Can painting cause anything? If so what kind of things are they and how and where are they registered? Seven international painters interrogate the abductive, or speculative, thought of painting – how this thought may be hypothesized through the process, how it functions, and how it may relate to the production of affect.
Cynthia Cruz, Wolfchild
Liquid Latex, enamel, acrylic and print on canvas; dimensions Variable
Myth Material will consider painting via the specifics of working processes, strategies and materials, to pose questions around material rationality – as inherent in and performed through these – and what frames and grounds them [politically, contextually, physically].
Myth Material’s first entry point is a text Moran recently wrote for another painting exhibition, ‘Obscure Secure’, questioning what is meant by ‘intuition’ as an often cited major part of the making process for painters, and how it relates to perception and abstraction. Read text here
Cynthia Cruz sources disturbing images online for digital collages printed onto canvas that function as generator for the larger painting that grows out of it. She layers enamel paint, acrylics, inks and gel mediums, using the viscosity of the paint to accentuate the stickiness of an open wound, the fluidity of blood and pus, spatters and drips. The paint reacts to the digital print, mimicking, flattening and concealing parts of the image, emphasizing and adding dimension and texture to others. Reactions are determined by principles of design (balance, unity, repetition, emphasis, movement, rhythm, proportion and variety) rather than judgements about the image.
Cruz won the Frances Wolfson Scholarship at New World School of the Arts in Miami, and has exhibited in Miami institutions including David Castillo Gallery, Arte Americas and The Museum of Contemporary Art North Miami. On completing her MFA at Goldsmiths, London, she won the ACME studio award culminating in her solo show, The Girl Who Ate All Her Hair, at ACME Project Space. She was also selected for the Liminal Space Residency at TAP in 2015.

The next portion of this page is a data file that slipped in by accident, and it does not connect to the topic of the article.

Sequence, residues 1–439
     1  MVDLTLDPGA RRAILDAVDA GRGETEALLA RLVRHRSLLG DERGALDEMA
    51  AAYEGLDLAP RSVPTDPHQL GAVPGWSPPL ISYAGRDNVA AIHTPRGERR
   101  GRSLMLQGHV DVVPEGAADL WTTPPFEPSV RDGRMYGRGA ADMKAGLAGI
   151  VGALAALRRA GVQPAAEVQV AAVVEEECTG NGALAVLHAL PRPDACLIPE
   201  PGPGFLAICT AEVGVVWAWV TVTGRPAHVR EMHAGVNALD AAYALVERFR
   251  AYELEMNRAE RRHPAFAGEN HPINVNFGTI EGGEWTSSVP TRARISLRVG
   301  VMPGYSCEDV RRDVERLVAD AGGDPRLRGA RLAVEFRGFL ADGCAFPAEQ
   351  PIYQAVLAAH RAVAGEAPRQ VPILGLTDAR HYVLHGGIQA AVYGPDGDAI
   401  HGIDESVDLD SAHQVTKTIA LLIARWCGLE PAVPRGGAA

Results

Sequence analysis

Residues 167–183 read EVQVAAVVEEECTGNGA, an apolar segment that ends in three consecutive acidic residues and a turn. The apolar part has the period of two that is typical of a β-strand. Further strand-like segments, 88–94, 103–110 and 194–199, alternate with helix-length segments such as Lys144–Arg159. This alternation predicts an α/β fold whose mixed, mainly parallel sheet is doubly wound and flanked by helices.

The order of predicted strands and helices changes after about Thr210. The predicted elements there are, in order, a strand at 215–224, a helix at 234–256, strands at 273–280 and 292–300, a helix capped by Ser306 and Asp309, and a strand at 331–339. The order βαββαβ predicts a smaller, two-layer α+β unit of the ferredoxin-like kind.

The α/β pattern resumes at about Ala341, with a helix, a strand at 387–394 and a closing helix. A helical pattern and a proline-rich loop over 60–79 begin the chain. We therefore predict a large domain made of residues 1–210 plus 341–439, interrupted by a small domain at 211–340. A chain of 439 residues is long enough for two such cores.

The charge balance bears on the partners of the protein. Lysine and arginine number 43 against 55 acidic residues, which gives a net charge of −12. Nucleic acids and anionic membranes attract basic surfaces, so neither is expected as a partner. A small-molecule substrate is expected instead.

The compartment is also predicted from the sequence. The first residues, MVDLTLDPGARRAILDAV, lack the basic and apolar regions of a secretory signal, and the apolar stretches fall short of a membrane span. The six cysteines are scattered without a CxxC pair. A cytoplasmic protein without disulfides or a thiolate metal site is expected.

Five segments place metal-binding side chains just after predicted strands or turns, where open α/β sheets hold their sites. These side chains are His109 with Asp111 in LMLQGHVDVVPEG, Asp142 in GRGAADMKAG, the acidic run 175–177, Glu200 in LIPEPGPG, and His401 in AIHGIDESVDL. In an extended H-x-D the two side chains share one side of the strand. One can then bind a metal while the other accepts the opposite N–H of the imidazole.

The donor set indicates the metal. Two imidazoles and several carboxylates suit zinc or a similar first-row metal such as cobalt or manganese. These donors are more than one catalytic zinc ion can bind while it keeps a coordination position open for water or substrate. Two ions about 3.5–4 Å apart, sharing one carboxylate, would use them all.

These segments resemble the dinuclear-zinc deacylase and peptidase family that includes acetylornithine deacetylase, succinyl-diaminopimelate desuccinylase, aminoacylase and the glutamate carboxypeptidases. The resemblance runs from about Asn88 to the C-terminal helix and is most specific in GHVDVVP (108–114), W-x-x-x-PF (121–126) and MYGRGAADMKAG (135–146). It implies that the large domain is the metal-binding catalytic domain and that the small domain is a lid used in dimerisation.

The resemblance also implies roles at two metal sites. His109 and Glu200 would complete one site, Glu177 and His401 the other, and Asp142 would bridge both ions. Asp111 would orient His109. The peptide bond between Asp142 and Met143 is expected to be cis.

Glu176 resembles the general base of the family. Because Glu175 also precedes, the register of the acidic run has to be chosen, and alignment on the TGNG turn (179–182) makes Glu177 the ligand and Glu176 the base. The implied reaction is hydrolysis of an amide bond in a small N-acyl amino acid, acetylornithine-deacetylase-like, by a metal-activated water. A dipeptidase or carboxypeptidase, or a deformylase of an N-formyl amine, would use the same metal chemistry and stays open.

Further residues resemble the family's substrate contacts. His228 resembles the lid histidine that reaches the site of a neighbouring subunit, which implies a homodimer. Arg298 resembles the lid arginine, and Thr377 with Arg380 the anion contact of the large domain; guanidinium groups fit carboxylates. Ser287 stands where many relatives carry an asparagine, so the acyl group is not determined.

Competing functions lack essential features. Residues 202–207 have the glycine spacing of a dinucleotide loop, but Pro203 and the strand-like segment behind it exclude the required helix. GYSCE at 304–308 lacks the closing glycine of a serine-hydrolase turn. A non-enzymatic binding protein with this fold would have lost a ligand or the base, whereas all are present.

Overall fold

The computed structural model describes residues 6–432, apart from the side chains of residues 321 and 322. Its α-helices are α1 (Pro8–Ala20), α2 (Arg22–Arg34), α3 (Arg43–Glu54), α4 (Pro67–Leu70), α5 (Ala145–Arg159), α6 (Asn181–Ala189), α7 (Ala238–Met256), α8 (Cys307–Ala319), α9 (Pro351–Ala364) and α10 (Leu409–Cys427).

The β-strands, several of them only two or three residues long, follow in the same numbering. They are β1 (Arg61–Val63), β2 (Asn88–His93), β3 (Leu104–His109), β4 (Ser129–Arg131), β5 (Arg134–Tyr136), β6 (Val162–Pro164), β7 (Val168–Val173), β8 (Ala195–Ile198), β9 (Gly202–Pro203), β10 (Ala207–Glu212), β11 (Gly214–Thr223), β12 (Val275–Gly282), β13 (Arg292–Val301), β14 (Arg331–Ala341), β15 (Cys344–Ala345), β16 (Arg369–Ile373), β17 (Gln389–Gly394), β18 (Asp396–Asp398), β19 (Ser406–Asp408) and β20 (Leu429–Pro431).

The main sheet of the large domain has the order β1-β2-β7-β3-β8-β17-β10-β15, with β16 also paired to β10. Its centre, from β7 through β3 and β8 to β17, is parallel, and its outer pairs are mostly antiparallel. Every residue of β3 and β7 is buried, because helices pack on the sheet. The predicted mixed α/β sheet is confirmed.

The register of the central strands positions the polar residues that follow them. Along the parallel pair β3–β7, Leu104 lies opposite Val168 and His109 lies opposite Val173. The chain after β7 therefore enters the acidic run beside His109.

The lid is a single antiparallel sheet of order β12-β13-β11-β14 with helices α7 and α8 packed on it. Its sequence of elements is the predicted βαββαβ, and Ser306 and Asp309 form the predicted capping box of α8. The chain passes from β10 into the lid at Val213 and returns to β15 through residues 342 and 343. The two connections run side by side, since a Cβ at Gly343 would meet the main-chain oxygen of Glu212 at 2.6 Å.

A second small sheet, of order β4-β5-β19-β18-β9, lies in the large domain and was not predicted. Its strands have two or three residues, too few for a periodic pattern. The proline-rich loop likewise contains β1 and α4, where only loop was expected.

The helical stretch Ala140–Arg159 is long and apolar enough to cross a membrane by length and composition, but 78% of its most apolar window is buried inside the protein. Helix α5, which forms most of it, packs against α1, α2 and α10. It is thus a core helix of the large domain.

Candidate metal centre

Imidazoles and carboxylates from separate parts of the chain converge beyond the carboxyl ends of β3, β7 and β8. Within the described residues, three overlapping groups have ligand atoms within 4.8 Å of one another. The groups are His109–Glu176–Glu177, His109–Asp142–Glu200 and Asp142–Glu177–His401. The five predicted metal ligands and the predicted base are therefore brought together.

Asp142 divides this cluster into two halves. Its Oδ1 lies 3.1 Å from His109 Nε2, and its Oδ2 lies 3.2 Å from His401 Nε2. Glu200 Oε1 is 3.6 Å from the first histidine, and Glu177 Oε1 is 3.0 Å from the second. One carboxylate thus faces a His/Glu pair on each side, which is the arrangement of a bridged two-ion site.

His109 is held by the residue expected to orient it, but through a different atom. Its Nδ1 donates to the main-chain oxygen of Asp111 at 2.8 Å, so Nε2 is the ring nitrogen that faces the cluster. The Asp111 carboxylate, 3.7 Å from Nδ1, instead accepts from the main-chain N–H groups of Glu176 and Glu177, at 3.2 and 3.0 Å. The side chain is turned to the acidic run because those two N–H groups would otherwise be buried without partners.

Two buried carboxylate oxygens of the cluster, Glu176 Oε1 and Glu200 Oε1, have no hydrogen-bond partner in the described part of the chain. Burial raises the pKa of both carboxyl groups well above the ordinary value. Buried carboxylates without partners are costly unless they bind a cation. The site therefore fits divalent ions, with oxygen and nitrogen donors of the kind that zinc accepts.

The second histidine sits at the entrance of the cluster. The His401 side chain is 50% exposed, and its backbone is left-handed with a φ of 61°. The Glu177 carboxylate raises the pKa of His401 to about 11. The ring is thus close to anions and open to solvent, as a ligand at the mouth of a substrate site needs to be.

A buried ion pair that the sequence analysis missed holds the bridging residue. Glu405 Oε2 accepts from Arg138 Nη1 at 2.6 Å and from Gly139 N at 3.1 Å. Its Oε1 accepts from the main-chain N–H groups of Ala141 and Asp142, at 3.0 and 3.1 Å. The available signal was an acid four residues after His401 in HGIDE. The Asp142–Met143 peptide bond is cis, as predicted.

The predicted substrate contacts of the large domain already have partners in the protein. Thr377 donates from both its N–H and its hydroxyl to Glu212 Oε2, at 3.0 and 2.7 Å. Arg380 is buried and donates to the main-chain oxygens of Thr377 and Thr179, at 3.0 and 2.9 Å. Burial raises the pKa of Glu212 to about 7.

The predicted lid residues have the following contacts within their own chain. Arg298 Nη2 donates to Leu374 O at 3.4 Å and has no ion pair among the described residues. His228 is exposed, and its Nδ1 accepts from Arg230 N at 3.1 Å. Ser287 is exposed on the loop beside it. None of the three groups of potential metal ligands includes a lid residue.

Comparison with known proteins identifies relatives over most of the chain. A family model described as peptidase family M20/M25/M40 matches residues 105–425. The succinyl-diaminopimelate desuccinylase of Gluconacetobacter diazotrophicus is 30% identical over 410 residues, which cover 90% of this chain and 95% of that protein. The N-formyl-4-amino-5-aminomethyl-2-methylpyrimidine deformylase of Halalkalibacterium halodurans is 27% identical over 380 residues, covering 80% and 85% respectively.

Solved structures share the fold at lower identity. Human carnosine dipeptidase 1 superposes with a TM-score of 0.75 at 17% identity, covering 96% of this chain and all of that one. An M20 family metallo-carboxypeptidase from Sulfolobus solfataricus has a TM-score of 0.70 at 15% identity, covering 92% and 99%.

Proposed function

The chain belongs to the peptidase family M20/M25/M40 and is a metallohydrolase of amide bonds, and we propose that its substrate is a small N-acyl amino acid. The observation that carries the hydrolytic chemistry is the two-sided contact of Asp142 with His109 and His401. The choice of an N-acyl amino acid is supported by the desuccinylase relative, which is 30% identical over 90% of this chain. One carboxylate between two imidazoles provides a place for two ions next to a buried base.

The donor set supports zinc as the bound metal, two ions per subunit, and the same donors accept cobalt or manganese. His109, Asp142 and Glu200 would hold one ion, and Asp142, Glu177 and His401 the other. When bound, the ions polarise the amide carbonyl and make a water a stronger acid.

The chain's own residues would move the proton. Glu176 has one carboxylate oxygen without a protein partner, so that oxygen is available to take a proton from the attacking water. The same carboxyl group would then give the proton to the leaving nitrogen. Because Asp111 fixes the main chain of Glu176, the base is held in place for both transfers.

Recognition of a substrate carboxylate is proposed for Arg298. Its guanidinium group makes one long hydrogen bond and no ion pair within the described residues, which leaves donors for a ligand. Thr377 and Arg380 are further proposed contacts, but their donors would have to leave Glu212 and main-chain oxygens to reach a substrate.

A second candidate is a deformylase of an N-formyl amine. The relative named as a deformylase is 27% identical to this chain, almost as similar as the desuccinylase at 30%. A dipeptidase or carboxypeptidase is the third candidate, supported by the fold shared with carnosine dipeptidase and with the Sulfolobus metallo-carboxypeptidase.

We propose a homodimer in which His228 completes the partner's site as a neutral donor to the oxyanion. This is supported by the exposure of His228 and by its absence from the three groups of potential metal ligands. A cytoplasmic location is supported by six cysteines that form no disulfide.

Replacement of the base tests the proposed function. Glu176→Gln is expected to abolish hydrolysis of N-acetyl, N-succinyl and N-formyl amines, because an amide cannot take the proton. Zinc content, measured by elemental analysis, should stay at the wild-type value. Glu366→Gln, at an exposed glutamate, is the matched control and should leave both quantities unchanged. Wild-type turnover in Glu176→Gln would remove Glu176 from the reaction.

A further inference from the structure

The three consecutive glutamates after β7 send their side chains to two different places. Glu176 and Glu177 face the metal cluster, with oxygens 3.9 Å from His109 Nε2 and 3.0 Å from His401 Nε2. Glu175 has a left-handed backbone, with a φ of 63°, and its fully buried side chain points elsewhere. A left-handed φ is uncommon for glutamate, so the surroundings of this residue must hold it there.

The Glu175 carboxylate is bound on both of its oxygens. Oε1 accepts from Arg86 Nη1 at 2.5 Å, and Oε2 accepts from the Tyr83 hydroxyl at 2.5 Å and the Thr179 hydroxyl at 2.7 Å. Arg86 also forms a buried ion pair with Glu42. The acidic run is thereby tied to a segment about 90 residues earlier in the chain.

Jane Hayes Greenwood, Big Bird, acrylic and oil on linen, 45 x 55cm
Jane Hayes Greenwood is concerned with the material and psychological histories of objects. She is interested in what kind of capacities objects might have, how their histories might define our relationship to them and how we measure ourselves against them. She filters images of ancient archeological artifacts with deep histories and digitally modeled objects that have a referent in the real world, through the making process. Here, the digital or ‘dug-up thing’ is remodeled and manipulated before being painted, cast or deconstructed.
Hayes Greenwood brings a variety of source material together, often in quite an open and unplanned way, allowing an element of discovery during the working process. She works with acrylic, oil and spray paint on linen and canvas. Pace is also important – a linear representational image may be made quickly, combined with abstract and other slow elements.
Jane Hayes Greenwood was selected for the XL Catlin Art Prize, 2016. Currently also exhibiting in Pleasure Islands at Artwork Atelier, Salford. She is Director of Block 336 artist-run project space and studio provider in Brixton.